Detecting workplace stress while monitoring privacy

Researchers found that personal sensing data may improve surveillance and relief of pain among resident physicians . Privacy questions regarding who sees the data and for what purposes must be addressed .

Washington, United States, November 25, : According to collaborative study by Cornell Tech, personal sensing data may improve surveillance and relief of pain among resident physicians, but privacy questions regarding who sees the data and for what purposes must be addressed.Burnout in all kinds of workplaces is on the rise in the United States, where the terms Great Resignation and silent quitting have come to prominence in recent years.This is especially true in the health care industry, which has been burdened beyond measure by the COVID-19 pandemic, and the use of smartphones, wearables, and personal computers has shown the severity of anxiety.However, data collection and analysis, as well as the larger questions of who should have access to such information and why, has inspired researchers to talk to those actual workers, according to Daniel Adler, co-lead author of Burnout and the Quantified Workplace: Tensions Around Personal Sensing Interventions for Stress in Resident Physicians, published in the ACM Proceedings on Human-Computer Interaction on Nov. 11-22.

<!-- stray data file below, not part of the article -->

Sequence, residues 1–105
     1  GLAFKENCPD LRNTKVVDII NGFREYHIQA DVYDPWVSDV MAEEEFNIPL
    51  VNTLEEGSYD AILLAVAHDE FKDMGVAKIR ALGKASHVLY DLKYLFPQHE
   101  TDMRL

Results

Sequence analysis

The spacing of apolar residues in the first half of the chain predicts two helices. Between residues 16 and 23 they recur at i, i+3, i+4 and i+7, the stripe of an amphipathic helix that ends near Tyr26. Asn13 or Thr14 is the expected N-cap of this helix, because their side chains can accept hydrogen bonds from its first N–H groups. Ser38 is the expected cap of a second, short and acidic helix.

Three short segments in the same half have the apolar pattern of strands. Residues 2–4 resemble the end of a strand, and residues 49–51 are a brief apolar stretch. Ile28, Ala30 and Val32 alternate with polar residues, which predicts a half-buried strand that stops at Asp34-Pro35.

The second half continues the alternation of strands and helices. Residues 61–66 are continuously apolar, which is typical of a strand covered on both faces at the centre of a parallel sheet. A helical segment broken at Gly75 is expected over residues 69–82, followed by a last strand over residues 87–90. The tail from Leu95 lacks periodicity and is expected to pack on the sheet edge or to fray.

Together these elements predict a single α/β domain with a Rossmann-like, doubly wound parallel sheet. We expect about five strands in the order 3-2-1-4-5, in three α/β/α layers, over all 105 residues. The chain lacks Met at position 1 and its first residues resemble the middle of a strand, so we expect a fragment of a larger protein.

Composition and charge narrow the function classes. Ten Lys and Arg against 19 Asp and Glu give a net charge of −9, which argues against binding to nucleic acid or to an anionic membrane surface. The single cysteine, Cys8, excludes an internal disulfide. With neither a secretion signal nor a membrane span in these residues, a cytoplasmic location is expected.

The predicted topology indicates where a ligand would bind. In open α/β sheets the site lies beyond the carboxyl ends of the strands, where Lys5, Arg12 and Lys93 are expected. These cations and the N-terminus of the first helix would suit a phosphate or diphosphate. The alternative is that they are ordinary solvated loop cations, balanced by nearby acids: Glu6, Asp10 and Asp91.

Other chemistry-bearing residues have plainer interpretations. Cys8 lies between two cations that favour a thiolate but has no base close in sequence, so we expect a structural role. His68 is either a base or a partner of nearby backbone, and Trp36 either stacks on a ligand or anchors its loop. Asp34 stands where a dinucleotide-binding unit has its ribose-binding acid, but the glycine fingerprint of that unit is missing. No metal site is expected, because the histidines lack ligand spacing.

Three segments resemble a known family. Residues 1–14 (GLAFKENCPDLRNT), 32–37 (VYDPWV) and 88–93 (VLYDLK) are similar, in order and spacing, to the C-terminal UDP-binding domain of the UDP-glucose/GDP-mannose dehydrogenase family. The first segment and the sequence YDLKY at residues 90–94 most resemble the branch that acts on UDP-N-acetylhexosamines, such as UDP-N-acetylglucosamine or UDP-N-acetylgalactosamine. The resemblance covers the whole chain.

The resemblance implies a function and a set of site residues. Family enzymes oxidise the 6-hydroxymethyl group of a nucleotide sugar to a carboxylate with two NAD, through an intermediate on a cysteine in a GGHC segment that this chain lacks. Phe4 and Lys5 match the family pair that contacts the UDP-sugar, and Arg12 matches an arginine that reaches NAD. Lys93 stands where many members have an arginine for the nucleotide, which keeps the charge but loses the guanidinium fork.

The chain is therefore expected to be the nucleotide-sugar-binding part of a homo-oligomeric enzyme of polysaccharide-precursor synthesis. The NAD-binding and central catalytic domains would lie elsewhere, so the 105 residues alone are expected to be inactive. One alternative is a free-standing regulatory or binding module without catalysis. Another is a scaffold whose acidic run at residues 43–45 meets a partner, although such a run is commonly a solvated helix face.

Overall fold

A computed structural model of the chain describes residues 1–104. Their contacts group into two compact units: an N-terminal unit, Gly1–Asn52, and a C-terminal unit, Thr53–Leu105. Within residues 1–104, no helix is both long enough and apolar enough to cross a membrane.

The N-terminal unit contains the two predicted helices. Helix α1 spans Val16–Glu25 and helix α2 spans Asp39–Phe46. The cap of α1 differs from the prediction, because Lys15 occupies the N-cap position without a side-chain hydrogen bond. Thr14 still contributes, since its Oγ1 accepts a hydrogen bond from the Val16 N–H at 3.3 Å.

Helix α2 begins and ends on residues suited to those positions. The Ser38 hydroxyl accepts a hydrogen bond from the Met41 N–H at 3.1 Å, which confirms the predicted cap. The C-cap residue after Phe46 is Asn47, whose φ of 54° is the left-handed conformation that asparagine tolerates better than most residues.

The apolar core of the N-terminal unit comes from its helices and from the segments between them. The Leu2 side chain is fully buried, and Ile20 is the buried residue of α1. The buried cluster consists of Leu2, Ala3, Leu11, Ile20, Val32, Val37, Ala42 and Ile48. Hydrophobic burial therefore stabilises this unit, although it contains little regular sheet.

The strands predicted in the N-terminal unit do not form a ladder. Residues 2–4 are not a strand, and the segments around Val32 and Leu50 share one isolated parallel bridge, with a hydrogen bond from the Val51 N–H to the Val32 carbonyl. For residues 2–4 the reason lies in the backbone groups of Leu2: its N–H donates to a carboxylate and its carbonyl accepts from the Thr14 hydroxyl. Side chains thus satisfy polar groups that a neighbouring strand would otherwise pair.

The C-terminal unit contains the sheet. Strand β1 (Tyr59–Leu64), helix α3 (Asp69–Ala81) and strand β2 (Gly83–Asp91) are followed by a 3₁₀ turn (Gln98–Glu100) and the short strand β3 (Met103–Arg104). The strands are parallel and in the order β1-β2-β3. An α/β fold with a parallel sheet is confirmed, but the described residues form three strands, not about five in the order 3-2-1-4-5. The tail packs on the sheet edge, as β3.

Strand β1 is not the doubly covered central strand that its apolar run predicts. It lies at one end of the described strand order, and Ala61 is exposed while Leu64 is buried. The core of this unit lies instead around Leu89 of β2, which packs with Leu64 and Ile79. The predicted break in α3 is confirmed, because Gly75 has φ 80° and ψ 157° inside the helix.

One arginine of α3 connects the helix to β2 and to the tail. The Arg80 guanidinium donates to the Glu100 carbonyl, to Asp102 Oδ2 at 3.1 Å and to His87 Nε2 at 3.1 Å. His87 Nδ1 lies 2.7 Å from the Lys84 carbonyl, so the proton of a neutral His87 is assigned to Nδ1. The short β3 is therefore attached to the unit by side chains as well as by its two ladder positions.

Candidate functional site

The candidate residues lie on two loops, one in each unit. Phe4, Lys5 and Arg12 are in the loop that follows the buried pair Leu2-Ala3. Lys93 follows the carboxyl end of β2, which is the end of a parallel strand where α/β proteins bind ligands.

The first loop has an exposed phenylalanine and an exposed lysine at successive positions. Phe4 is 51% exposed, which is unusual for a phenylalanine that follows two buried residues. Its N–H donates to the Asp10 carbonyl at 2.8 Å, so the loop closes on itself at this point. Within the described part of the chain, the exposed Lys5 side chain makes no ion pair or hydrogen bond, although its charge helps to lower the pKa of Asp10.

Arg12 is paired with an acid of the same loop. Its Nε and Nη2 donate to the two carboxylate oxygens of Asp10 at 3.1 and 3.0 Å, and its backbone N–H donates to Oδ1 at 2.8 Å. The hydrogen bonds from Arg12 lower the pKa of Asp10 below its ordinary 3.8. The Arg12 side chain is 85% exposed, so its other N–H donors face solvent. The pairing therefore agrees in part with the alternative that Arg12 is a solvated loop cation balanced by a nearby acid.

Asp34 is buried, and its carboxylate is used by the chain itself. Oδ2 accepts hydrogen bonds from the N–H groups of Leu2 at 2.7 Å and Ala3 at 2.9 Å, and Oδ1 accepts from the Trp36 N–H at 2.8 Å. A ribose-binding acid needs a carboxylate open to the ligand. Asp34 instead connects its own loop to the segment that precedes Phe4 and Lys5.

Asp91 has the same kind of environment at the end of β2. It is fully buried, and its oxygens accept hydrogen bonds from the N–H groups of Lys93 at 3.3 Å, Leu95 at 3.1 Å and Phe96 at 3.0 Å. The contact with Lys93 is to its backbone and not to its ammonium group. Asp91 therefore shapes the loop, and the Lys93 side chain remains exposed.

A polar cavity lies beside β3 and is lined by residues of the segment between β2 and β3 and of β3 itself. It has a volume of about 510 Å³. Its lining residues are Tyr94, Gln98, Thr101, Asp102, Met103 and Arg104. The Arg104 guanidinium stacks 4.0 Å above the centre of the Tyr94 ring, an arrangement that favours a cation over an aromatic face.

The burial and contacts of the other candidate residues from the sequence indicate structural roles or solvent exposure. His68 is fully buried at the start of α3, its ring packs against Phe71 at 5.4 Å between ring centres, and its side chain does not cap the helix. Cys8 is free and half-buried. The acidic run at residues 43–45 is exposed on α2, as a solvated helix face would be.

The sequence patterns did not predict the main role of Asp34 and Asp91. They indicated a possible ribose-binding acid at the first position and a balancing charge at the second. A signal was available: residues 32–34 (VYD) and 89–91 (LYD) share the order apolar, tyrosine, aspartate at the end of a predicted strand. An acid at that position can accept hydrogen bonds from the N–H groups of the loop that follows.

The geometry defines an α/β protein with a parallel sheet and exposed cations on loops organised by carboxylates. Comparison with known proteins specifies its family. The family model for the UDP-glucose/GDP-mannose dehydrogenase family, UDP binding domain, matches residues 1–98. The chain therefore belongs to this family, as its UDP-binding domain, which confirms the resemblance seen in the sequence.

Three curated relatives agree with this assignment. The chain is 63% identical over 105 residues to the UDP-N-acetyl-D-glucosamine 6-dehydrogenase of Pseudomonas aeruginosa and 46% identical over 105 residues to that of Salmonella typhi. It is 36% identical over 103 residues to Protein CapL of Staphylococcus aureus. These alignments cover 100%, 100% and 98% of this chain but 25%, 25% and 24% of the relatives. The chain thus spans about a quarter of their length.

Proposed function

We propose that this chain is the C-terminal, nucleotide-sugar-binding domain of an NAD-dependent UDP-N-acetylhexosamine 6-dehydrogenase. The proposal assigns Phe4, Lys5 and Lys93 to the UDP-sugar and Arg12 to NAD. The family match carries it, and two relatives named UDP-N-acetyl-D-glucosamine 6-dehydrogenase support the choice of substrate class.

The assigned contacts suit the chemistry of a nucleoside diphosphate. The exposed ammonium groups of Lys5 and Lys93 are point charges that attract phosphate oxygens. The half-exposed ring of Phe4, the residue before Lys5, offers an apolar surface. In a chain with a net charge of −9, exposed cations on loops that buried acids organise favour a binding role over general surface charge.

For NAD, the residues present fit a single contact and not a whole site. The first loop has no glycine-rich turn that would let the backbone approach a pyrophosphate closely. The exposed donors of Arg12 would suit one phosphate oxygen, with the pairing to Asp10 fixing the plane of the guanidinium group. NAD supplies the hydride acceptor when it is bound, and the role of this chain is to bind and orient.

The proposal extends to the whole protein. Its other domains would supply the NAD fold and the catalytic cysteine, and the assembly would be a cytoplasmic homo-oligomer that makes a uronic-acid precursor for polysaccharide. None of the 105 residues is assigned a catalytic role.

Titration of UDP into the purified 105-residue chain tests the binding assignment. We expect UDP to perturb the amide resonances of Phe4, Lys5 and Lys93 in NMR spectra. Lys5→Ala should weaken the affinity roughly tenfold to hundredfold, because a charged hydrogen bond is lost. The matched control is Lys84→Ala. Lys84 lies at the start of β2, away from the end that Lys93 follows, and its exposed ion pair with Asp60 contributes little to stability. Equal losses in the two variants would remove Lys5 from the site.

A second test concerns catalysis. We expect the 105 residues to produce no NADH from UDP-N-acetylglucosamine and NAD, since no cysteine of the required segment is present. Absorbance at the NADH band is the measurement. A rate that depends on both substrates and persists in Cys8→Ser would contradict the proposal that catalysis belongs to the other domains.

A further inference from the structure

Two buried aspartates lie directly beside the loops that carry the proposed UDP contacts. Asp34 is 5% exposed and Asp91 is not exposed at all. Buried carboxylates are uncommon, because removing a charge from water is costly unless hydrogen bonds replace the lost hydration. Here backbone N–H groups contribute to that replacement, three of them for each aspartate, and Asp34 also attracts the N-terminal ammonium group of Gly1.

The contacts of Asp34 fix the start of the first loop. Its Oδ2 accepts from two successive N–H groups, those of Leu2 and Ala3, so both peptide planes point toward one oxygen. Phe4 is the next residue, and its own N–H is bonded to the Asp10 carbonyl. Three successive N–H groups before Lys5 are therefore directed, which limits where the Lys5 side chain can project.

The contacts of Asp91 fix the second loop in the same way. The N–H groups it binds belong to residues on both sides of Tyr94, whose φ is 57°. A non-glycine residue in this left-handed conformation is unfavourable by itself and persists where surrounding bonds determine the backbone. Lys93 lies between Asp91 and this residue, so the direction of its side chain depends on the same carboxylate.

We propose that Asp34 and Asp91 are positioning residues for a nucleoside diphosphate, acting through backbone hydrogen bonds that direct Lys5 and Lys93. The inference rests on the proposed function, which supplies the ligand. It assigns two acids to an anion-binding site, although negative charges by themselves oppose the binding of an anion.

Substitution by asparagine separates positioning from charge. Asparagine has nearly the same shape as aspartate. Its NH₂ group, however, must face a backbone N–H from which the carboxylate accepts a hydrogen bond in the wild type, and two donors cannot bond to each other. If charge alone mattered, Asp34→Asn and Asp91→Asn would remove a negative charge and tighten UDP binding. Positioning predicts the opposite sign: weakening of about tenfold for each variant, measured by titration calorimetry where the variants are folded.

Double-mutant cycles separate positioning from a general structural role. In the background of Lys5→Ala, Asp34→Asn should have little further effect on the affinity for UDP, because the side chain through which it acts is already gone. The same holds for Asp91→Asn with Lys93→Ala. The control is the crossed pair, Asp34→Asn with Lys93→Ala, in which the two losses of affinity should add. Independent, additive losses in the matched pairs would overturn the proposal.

That could blur the lines between the two.Tseng argued that it's a new context.We don't exactly know where the actual boundaries are or what it looks like to implement these new technologies.To see if this information flow is legitimate in the first place, you must try and determine what those guidelines are, and that is where this research was conducted.Choudhury and her team investigated these questions in a study involving resident physicians at an urban hospital in New York City.

They were also interested in the privacy issue, she said, and how we could use technologies like this to achieve those positive outcomes while still balancing privacy concerns.The study included two distinct use cases: self-reflection, in which the residents examine their own behavioral data, and data sharing, in which the same information is shared with their attendings and program directors for purposes of intervention.There is also a issue of anonymity, which was more likely with more involvement.However, greater participation would jeopardize the program's overall success because supervisors would be unable to determine which residents were struggling, Adler said.

Its not as simple as saying, They are my doctor, so I'm comfortable sharing this information.The authors conclude by stressing the urgent need for new strategies for business wellness management that better serve workers and provide security for the workers they want to support.

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